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Bad blood boils as NASCAR’s Chase playoffs begin

Tensions are again escalating between championship contenders Brad Keselowski and Matt Kenseth.

NASCAR Sprint Cup Series New Hampshire 301 Photo by Jerry Markland/Getty Images

What is the NASCAR equivalent of kids returning to school or leaves changing colors to mark the seasonal transition from summer to fall? Judging by recent history, it’s the increasing animosity between Team Penske’s Brad Keselowski and Joey Logano and rival Matt Kenseth of Joe Gibbs Racing.

Friction that came to forefront during Saturday night’s rough and tumble at Richmond International Raceway to close out the Sprint Cup Series regular season.

The latest flash point unfolded when Keselowski missed a shift on a restart with 64 laps remaining, then charged full steam into Turn 1 to prevent losing a string of positions. But Keselowski overdrove his corner entry, drifted up the track and into a trailing Kenseth, who then cut a tire and crashed in Turn 3.

Afterward, Kenseth pointed the finger squarely at Keselowski.

“I'm sure he'll send a tweet out or go on a TV show and explain how it wasn't his fault," Kenseth said. "But he knows better than that. He knows his angle was bad and he just drove way up in the corner because he made a mistake and he was trying to make up for it and had no respect for anybody on the outside lane. Unfortunately, we had a wrecked car because of it.”

To his credit, Keselowski admitted his mistake postrace, accepting full responsibility for ending Kenseth’s night prematurely.

“I can understand why he's upset,” Keselowski said. “He deserves to be upset. I made a mistake, and it was kind of crappy for everyone. Hopefully, he'll accept the apology.”

Apologies are well and good, except the likelihood of Kenseth absolving Keselowski are nil considering recent events that have transpired in each of the past two editions of the Chase for the Sprint Cup -- the time of the year when the stakes are significantly amplified.

In 2014, Keselowski’s rough driving prompted the usually mild-mannered Kenseth to tackle him in the garage following the October race at Charlotte Motor Speedway. Last year, Kenseth entered into a bitter feud with Logano, which culminated with Kenseth intentionally wrecking the race-leading Logano at Martinsville Speedway. Kenseth’s breaking point was apparently brought about after Keselowski caused an accident earlier in the same race that heavily damaged his car.

Had Logano won that afternoon, he would’ve automatically advanced to the championship round. For his deliberate act of revenge, Kenseth earned an unprecedented two-race suspension.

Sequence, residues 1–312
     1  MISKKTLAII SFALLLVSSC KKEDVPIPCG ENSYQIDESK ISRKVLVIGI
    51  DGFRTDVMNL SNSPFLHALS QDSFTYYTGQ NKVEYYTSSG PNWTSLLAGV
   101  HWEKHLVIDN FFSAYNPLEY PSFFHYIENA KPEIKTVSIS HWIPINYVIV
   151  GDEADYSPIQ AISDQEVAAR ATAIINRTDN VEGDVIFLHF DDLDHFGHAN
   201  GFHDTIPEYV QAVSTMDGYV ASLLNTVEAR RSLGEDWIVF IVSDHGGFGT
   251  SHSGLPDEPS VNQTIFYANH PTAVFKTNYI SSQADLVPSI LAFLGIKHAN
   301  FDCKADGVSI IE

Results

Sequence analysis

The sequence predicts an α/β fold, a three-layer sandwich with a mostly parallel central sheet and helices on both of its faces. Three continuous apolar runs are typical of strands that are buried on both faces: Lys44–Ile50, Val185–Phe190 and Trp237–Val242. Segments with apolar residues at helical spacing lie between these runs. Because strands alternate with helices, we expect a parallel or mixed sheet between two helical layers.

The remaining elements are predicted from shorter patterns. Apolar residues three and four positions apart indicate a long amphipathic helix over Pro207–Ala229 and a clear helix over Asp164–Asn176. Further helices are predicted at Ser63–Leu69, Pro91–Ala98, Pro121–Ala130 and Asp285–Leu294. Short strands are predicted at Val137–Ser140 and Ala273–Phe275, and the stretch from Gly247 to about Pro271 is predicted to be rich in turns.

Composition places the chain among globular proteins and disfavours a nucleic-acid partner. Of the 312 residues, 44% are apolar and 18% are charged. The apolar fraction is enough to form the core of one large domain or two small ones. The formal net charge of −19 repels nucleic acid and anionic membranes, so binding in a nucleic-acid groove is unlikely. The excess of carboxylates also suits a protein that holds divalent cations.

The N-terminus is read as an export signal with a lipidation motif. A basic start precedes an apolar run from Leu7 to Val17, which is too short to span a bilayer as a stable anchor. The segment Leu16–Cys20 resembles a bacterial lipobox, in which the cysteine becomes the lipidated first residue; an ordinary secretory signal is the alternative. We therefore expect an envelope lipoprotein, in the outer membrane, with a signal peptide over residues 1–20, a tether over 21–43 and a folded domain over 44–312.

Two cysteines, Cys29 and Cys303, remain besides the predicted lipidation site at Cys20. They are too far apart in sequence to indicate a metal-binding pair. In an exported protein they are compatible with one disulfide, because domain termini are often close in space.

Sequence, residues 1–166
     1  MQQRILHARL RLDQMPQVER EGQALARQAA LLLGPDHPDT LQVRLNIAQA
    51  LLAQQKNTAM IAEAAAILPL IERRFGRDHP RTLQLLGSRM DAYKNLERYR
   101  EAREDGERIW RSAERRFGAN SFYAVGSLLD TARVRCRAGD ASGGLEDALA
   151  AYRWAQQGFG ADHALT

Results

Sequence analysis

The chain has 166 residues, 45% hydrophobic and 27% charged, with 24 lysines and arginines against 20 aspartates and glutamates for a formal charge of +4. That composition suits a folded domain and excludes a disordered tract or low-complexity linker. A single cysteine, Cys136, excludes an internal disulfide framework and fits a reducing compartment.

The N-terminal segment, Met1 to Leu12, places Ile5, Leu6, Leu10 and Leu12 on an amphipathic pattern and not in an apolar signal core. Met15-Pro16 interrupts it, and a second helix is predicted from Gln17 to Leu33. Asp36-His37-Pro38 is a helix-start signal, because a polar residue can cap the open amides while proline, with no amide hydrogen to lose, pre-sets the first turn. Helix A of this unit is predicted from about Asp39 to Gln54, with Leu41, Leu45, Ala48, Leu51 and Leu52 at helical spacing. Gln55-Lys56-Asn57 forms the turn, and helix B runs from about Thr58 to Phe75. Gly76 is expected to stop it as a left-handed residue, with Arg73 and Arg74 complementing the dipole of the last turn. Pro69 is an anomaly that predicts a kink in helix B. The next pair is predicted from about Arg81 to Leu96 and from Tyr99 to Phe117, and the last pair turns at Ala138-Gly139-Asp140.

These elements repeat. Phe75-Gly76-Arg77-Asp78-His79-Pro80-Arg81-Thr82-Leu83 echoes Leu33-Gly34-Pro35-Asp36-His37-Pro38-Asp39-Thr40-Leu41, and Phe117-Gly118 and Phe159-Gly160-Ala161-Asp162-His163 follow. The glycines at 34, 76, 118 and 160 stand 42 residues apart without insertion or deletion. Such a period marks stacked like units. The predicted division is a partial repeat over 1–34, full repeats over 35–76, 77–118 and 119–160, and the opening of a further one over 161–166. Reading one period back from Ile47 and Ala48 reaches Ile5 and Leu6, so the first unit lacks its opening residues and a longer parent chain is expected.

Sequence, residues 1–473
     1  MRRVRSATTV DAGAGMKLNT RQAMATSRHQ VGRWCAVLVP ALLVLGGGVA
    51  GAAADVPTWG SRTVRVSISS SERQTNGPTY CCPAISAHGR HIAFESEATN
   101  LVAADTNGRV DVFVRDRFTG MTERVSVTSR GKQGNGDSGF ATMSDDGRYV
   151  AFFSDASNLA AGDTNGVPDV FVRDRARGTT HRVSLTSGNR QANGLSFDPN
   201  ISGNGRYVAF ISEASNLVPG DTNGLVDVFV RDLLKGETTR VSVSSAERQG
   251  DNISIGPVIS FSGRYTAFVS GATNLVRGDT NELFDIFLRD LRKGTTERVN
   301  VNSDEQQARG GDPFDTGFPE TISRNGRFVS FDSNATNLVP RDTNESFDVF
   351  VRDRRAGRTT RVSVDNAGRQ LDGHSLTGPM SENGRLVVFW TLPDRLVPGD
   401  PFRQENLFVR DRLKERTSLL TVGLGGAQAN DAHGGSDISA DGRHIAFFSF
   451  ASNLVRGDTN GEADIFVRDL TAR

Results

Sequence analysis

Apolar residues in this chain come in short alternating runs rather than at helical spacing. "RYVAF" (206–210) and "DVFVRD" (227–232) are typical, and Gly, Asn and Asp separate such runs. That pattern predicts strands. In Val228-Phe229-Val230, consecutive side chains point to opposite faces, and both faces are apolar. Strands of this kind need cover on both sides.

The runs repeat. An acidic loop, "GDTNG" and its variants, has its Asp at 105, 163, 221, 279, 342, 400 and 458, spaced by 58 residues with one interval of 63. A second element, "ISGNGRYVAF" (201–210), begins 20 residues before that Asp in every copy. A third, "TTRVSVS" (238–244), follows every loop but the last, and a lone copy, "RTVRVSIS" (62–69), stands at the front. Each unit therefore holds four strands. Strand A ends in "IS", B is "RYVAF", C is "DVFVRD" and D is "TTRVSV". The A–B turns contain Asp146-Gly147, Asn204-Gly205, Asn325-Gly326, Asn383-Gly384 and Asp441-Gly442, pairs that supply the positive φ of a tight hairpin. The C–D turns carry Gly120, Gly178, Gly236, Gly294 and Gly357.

And so as this year’s Chase is set to begin Sunday at Chicagoland Speedway, the seeds are sown for what appears to be a third straight playoff skirmish between the duo of Keselowski and Logano vs. Kenseth. Tensions heightened because each possesses realistic title hopes.

Such rancor, however, isn’t just limited to Keselowski, Logano and Kenseth. Vitriol and hard feelings are now commonplace in the Chase ever since NASCAR went to a multi-round, knockout playoff format three years ago where the pressure squeezes the 16-participants.

It’s why Kevin Harvick shoved good friend Jimmie Johnson in the driver’s lot last year at the conclusion of the Chicagoland race. It’s why Jeff Gordon was so enraged with Keselowski the year before at Texas Motor Speedway, it led to a pit road brawl between their teams.

With four drivers cut from the Chase every three weeks, one slip, one bobble can lead to elimination. And when misfortune occurs not because of something you did, but at the hands of a competitor, then the rage only intensifies.

“You just have to be selfish,” Harvick said. “You have to do what's best for your team, worry about the consequences when all the dust settles. You have to be narrow minded, not listen to anything, and do whatever it takes to figure out how to make the best performance on that particular day. Every point matters. This is a minute‑by‑minute battle.”

Harvick set a tone for what’s to come when, leading into Richmond, he tweeted a bull stampeding into a section of grandstands filled with spectators. The caption: “My mood for the next 11 weeks.”

That mindset has served Harvick well. Raw determination carried him to the 2014 title where he produced victories in consecutive must-win races, and finished a close second to Kyle Busch last year.

Coming off a regular season where he led the series in points, top fives, top 10s and average finish, Harvick is expected to again be a major player. And as evidenced by publicly lambasting his underperforming pit crew two weeks ago, the Stewart-Haas Racing driver demands the same commitment from his team.

“You just try to think of dotting every I and crossing every T because that's what it's all about,” Harvick said. “You have to get everything out of every person that touches everything on that car at another level to win this deal.

“What you are getting ready to step into the next 10 weeks is a lot of pressure.”